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How to Reward Your Dog in a Good Way

author Lucy Byrne | Care and raising

For most dogs, positive motivation works. You can have brilliant results with it in obedience or practising new tricks. It doesn’t matter how you decide to reward your dog or if you change the types of rewards. It isn’t probably a surprise that the most common reward is a treat. Caressing, a favourite toy, a short game or a simple compliment and showing you’re happy might also work well. 

With regard to treats, the most important thing in order not to mess with your dog’s health is to pick suitable treats. Your dog might be very obedient if you have a pocket full of bacon or biscuits but you might cause obesity or other health problems to your dog because of this. Fortunately, there are many healthy dog treats and even treats specifically designed for training on the market nowadays.

A treat pouch is practical for treats. When you have the right rewards prepared in it, you can start with training. However, you need to remember that not only the form of a reward but also its timing is very important. It has to come immediately after doing the requested task and the dog needs to know why it got the treat. A clicker might be great for this as you can do this signal even from a distance. You can read here about how to work with it.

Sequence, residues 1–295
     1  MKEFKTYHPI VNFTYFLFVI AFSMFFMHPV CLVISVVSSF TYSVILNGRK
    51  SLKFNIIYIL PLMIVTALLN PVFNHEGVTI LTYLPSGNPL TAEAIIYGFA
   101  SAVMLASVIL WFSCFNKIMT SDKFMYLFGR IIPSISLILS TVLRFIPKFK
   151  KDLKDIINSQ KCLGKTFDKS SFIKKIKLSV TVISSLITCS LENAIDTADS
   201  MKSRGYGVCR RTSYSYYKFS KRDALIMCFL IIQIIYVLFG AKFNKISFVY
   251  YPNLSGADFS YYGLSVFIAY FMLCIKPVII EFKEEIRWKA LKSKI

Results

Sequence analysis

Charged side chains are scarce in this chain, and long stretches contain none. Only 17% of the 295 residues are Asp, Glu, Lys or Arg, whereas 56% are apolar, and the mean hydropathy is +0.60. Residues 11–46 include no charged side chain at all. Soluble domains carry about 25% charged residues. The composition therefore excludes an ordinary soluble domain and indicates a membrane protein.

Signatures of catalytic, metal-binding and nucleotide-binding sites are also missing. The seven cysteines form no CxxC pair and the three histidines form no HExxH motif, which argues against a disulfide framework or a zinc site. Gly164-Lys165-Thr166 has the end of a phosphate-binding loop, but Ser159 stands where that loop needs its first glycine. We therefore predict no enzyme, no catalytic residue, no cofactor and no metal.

It also needs to be mentioned that rewards shouldn’t be regular. It’s very appropriate to change it. And it doesn’t matter if you change the kind of reward or just a kind of treat. It needs to be unpredictable for the dog and therefore more attractive. The size of the reward should also equal to what we ask the dog for. So, if it obeys your command “Sit”, the reward won’t be the same as for catching prey. 

Regular rewards are good for the stage of explaining and learning. And when the dogs know the commands well and definitely knows what you want it to do, it is time for variable rewards. The expectation provides the dog with the necessary energy, increases its activity and even releases dopamine.

For some dogs, even the activity itself might be a reward. It mainly applies to sports during which adrenaline is released (e.g. jumping within agility). This is because adrenaline is an addictive substance and the dog can easily become addicted to it. However, this might be also harmful if it crosses a certain line. If the dog rewards itself by doing a certain activity, we lose control over it and it loses its concentration. See the videos of dogs that run across the playground after agility like crazy. :)

For the end, remember that a dog should always exercise with joy. If it isn’t in the mood or the activity bores it, take a break. Do not force your dog to do any task. If it is needed, find a way to make training more attractive for it. It might be rewards, the environment or also inviting another dog companion to join you.